How To Write A Rap Song | PART 2: BRAINSTORMING

Welcome back to the 2nd video in my songwriting series for rappers.

In the first video we 

[1] Found an instrumental that moved us emotionally

[2] We tried on the beat by scatting to it to ensure it felt right for our voice and rap style

[3] We setup our songwriting project in a DAW so that we can begin to easily get all of our creative ideas down.

Also if you don’t already have the equipment needed to record vocals on your computer, I put together a comprehensive list of all the essentials you need.

And if you can’t afford any gear at the moment then I recommend using Bandlab on your phone which is 100% FREE.


Now it’s time to start capturing these ideas using two methods

[1] we’ll capture our musical ideas in our DAW by recording our scats. This could be rap cadences or melodies. And If you’re already getting ideas of lyrics that will pair well with your cadences feel free to record them as well.

[2] And secondly, we’ll capture our creative ideas by writing them down in some type of document. I prefer using Google Dox but you can use whatever you want.

Remember, the creative process is iterative so don’t overthink anything right now. What you should be doing at this point is just getting your ideas down and as you do that you will start getting a better idea of what your song should be about and then you can create a strategy on how to execute your ideas.


So the first thing I recommend you to do as this stage of the songwriting process is simply listen to the instrumental and let it speak to you..

The instrumental I’m using for this series is a beat that I produced called “TAKE OFF” which is available on my beat store.

When you’re listening to an instrumental ask yourself which emotions is it expressing. That in and of itself is not only going to influence what you feel the song should be about but also the cadences that you decide to use and possibly even the tone of voice that you use. Now listen to a verse and hook and make note of how you feel and any ideas that come to mind, no matter how random or disconnected they may seem. 


To me, the verse section of the instrumental feels lonely, somber, dark, and maybe even sad. However in the hook the energy shifts to being more upbeat and lively. This shift in emotion makes me feel like the hook is providing some type of resolve to a conflict that’s present in the verse or is invoking a call to action.


Some ideas that came to mind for the conflict I could place in the verses are…

Bad breakup

Being bored – wanting to get into something

Being single and desiring to be with someone (romantic or friendship)

Financial struggles/ being broke/ working hard/ getting money

Working a dead-in job. Waking up early to drive to a job you hate

Being overlooked, doubted, discarded, neglected.


Then depending on which direction I decide to go I can create a hook that provides some type of resolve or call to action. Now every instrumental won’t be like this. This is just how I’m interrupting the energy of this instrumental. 


Now it’s time to get some musical ideas down by scatting

Most rappers neglect doing this and go straight to writing lyrics which usually causes them major issues when they try to rap their lyrics to an instrumental because it was never musically structured to begin with.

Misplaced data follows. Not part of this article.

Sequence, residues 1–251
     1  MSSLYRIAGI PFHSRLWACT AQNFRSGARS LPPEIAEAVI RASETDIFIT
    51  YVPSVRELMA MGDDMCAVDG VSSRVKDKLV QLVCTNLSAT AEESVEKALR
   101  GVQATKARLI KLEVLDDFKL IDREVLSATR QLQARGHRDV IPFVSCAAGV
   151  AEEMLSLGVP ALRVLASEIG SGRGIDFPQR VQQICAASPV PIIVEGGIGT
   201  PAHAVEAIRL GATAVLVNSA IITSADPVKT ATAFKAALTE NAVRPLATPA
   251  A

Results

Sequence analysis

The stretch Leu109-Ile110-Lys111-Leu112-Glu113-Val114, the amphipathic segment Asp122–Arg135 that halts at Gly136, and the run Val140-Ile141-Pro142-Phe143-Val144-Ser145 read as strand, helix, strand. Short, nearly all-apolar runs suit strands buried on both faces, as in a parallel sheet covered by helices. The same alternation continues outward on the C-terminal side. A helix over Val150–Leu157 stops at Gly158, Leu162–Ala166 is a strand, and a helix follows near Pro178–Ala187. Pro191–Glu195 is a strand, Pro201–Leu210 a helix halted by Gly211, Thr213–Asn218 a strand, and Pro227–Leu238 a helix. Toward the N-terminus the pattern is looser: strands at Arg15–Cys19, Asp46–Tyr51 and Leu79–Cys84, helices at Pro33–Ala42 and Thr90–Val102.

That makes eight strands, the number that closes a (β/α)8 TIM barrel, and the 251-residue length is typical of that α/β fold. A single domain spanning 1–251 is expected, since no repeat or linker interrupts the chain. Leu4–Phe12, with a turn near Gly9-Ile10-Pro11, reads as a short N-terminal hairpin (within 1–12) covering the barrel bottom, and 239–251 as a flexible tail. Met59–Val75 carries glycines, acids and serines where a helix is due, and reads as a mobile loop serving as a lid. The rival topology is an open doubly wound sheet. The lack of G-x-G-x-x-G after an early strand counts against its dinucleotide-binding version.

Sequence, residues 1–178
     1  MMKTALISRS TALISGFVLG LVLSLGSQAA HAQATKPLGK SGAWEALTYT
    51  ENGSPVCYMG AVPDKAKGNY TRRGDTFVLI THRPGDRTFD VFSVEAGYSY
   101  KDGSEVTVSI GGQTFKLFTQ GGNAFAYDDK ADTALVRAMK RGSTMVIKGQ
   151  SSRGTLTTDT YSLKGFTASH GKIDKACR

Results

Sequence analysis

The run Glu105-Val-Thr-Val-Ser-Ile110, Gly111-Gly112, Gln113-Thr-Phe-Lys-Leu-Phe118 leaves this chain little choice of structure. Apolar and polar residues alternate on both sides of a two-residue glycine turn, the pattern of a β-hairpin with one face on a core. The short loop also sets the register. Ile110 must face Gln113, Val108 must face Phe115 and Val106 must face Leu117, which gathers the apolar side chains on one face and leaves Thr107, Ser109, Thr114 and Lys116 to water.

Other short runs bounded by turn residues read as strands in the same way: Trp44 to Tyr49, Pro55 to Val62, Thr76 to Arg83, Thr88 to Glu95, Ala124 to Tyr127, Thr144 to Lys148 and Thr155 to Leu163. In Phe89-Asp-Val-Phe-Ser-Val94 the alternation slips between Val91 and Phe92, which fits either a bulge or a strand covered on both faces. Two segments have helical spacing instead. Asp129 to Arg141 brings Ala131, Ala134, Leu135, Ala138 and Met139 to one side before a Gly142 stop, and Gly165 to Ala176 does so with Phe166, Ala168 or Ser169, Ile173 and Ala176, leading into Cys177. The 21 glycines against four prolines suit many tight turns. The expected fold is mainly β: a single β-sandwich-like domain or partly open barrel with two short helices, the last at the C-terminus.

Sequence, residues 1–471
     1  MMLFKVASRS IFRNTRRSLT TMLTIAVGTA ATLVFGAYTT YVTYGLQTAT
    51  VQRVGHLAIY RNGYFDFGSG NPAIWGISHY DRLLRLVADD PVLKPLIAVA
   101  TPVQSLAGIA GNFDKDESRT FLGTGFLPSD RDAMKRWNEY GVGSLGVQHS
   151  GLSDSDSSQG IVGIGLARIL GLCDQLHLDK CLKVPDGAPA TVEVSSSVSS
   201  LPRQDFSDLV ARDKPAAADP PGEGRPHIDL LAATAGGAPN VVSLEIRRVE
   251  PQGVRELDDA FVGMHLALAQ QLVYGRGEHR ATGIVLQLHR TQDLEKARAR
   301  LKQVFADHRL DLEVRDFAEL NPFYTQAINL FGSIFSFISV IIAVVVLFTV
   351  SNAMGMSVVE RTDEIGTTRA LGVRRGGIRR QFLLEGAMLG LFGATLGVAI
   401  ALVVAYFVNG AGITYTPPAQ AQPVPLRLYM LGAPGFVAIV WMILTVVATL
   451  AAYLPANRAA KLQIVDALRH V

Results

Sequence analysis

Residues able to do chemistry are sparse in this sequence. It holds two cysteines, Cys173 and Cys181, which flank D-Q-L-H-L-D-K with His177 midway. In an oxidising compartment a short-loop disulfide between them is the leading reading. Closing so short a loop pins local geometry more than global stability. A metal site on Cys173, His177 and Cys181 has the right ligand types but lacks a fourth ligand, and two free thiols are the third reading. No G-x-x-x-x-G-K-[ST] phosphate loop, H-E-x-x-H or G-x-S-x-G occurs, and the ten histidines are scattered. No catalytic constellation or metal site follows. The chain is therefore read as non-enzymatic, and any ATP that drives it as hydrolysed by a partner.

Remember you can think of RAP as Rhythm and Poetry. We need to give attention to both the musical and lyrics side of our rapping to ensure everything sounds as good as possible.

It’s okay if lyrics come to you first and then you start working it in musically with some scatting, just don’t neglect working on things from the musical side via scatting. But I typically like to start with some loose scatting ideas and then I’ll start working my lyrics in from there.


Now loop the verse and start scatting, and once you feel like you’ve come up with something nice, record it. Remember, these are just musical ideas. You may not use everything you record, or you may change it a little bit to fit your lyrics better, or you may decide to use it in a different section of the song than you originally recorded it. Don’t overthink it, just vibe out and start getting some cool musical ideas down.


Now it’s time to do the same thing for the hook. Loop the hook, and start playing around with different ideas. Try melodic ideas with Autotune, Try rap cadences, and maybe try a combination of both.

Since 8 bars isn’t alot of space, once you fill up 8 bars on one track, mute it, and then continue capturing ideas on other tracks.


As you can hear, Scatting is a really powerful technique for songwriting. Songwriting is not just writing lyrics, we are also writing music. This is already starting to sound really catchy and we haven’t even started putting words to it.

This is why I stress the importance of working on the musical side of your rap skills because most beginner rappers are not as developed musically as they are lyrically because they typically focus on writing lyrics first. If you’re trying to improve your rap flow and scatting skills be sure to check out my free rap flow course on Youtube called 5 Minutes To A Better Rap Flow.


Now our song is off to a great start! We have ideas for both the musical side and the lyrical side of our rap song. In our next video, we’re going to commit to a concept for the song and we’re going to start extracting more material out of that concept and then develop a storyboard around it.

My name is Cole Mize with where I strive to make you a better rapper now! If you’re trying to perfect your rap skills make sure you get yourself a free copy of my eBook The #1 Fundamental to rapping below 👇 and always remember, when it comes to rapping, theirs no rules, theirs only techniques. Peace! 

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